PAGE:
The Supreme Court of the United States has granted cert in United States v. Texas – one of the biggest constitutional cases of the past decade – to decide whether President Obama’s Executive overreach and unilateral rewriting of our nation’s immigration laws are illegal and unconstitutional.
Just as I argued in testimony on Capitol Hill days after President Obama issued the unconstitutional and illegal directive, the President is not a king and impatient Presidents don’t get to change the law.
This is a landmark case involving the separation of powers. This Executive overreach is both unlawful and unconstitutional. We will be representing members of Congress and thousands of Americans in a crucial amicus brief urging the Supreme Court to uphold the appeals court decision – and put a stop to the impermissible overreach that has been the hallmark of this President.
In challenging the Fifth Circuit’s decision against the Obama Administration’s Executive overreach, the Obama Administration posed three questions to the U.S. Supreme Court:
In the Court’s order moments ago, it directed the parties to brief and argue an additional question: whether the Executive action violates the Take Care Clause of the Constitution, Art. II, §3.
My submitted Congressional testimony and our initial amicus brief filed at the district court thoroughly analyzed the constitutional arguments surrounding the Take Care Clause. And now, the Supreme Court of the United States added this question as it considers the case. Since Day One, we’ve argued that President Obama’s lawless overreach violates the Constitution, and we will continue to make this point clear at the Supreme Court.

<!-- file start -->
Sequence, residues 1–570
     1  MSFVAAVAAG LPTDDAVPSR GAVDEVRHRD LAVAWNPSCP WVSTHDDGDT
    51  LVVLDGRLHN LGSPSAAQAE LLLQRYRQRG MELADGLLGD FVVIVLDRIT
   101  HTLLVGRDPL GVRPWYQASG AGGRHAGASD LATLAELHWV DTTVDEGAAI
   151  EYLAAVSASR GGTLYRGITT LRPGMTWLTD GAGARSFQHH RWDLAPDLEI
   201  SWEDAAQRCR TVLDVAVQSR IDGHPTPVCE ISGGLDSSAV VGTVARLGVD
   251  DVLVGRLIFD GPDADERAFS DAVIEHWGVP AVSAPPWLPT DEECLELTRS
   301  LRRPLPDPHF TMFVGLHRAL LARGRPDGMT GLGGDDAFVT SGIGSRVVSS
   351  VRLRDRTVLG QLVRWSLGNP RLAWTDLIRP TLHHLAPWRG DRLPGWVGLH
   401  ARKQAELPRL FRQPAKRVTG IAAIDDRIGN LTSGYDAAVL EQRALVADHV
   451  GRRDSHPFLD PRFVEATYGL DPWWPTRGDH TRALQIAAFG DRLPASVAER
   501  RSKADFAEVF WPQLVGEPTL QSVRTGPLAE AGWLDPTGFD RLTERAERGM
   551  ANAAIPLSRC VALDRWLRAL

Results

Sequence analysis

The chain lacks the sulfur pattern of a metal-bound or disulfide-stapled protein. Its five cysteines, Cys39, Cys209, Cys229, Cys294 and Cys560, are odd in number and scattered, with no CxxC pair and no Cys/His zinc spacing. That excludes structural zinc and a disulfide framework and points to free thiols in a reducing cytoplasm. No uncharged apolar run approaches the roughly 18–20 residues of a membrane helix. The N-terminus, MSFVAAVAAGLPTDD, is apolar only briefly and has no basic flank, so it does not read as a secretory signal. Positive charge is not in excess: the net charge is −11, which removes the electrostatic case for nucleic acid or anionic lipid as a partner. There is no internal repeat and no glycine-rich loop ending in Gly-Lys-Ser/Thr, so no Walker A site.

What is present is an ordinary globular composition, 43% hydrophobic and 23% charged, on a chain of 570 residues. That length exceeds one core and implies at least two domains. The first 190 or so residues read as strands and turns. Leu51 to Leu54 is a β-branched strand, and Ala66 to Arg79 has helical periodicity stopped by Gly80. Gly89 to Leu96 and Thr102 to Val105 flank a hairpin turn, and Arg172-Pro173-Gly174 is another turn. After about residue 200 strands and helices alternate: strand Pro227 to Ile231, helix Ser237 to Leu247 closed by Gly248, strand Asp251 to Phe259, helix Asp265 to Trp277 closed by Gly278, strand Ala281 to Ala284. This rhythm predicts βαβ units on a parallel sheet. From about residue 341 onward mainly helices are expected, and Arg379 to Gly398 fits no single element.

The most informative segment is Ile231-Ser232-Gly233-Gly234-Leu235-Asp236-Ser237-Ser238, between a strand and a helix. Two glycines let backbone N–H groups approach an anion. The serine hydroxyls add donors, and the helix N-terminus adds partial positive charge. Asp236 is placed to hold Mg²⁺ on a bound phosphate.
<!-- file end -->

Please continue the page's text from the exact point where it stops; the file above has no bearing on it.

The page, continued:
Although the legal questions in this case are complex, the U.S. Constitution is not.
Our system of government is straightforward. Congress writes the law. The President executes the law. The judiciary interprets the law.
President Obama said on multiple occasions before issuing his Executive overreach, “I am President, I am not a king. I can’t [legislate] just by myself.”
As I testified before Congress and as we’ve argued in our multiple amicus briefs on behalf of more than 100 Members of Congress and hundreds of thousands of concerned Americans, our nation’s immigration laws are complicated and in need of reform through the legislative process. But differing policy preferences do not provide license to, as President Obama himself admitted, “change the law” on his own.
President Obama’s actions are unconstitutional.
President Obama’s actions are unlawful.
President Obama’s actions violate the separation of powers.
The reality is, impatient presidents may not violate the Constitution if they do not get their way.
It’s that simple.
Join our fight and sign onto our new committee to add your name to our amicus brief we’ll be filing at the Supreme Court on behalf of Members of Congress and the American people.
Defend the Separation of Powers. Defend the U.S. Constitution.
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